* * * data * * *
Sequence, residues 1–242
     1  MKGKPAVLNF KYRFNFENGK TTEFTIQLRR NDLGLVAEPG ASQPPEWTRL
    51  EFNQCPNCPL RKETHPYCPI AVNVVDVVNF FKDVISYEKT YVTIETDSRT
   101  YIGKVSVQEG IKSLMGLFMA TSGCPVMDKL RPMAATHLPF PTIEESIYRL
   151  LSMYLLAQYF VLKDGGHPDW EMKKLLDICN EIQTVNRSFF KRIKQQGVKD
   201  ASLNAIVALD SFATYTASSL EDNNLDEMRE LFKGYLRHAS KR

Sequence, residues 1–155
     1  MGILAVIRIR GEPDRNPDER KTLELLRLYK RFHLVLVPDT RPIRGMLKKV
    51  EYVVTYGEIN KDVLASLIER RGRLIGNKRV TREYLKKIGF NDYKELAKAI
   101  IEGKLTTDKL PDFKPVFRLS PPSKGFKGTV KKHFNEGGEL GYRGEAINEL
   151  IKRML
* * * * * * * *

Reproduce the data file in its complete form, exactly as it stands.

Sequence, residues 1–242
     1  MKGKPAVLNF KYRFNFENGK TTEFTIQLRR NDLGLVAEPG ASQPPEWTRL
    51  EFNQCPNCPL RKETHPYCPI AVNVVDVVNF FKDVISYEKT YVTIETDSRT
   101  YIGKVSVQEG IKSLMGLFMA TSGCPVMDKL RPMAATHLPF PTIEESIYRL
   151  LSMYLLAQYF VLKDGGHPDW EMKKLLDICN EIQTVNRSFF KRIKQQGVKD
   201  ASLNAIVALD SFATYTASSL EDNNLDEMRE LFKGYLRHAS KR

Sequence, residues 1–155
     1  MGILAVIRIR GEPDRNPDER KTLELLRLYK RFHLVLVPDT RPIRGMLKKV
    51  EYVVTYGEIN KDVLASLIER RGRLIGNKRV TREYLKKIGF NDYKELAKAI
   101  IEGKLTTDKL PDFKPVFRLS PPSKGFKGTV KKHFNEGGEL GYRGEAINEL
   151  IKRML